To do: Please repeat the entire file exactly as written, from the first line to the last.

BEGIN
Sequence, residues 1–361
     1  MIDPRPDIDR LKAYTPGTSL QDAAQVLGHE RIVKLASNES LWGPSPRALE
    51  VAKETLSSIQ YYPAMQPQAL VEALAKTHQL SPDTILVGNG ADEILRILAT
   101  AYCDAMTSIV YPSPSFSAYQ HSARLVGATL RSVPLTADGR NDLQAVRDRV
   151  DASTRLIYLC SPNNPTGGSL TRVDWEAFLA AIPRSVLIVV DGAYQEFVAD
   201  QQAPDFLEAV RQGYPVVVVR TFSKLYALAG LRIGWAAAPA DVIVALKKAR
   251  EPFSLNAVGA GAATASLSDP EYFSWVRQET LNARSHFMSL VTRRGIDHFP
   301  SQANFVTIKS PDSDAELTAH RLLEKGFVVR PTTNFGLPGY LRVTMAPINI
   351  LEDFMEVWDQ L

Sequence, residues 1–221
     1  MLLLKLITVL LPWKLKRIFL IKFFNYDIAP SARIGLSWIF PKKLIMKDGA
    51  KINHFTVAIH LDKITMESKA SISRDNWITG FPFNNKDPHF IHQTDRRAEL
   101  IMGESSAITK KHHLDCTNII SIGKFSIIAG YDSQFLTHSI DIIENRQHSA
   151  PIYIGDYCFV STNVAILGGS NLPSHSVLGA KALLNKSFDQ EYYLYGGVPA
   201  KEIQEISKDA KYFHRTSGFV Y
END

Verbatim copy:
Sequence, residues 1–361
     1  MIDPRPDIDR LKAYTPGTSL QDAAQVLGHE RIVKLASNES LWGPSPRALE
    51  VAKETLSSIQ YYPAMQPQAL VEALAKTHQL SPDTILVGNG ADEILRILAT
   101  AYCDAMTSIV YPSPSFSAYQ HSARLVGATL RSVPLTADGR NDLQAVRDRV
   151  DASTRLIYLC SPNNPTGGSL TRVDWEAFLA AIPRSVLIVV DGAYQEFVAD
   201  QQAPDFLEAV RQGYPVVVVR TFSKLYALAG LRIGWAAAPA DVIVALKKAR
   251  EPFSLNAVGA GAATASLSDP EYFSWVRQET LNARSHFMSL VTRRGIDHFP
   301  SQANFVTIKS PDSDAELTAH RLLEKGFVVR PTTNFGLPGY LRVTMAPINI
   351  LEDFMEVWDQ L

Sequence, residues 1–221
     1  MLLLKLITVL LPWKLKRIFL IKFFNYDIAP SARIGLSWIF PKKLIMKDGA
    51  KINHFTVAIH LDKITMESKA SISRDNWITG FPFNNKDPHF IHQTDRRAEL
   101  IMGESSAITK KHHLDCTNII SIGKFSIIAG YDSQFLTHSI DIIENRQHSA
   151  PIYIGDYCFV STNVAILGGS NLPSHSVLGA KALLNKSFDQ EYYLYGGVPA
   201  KEIQEISKDA KYFHRTSGFV Y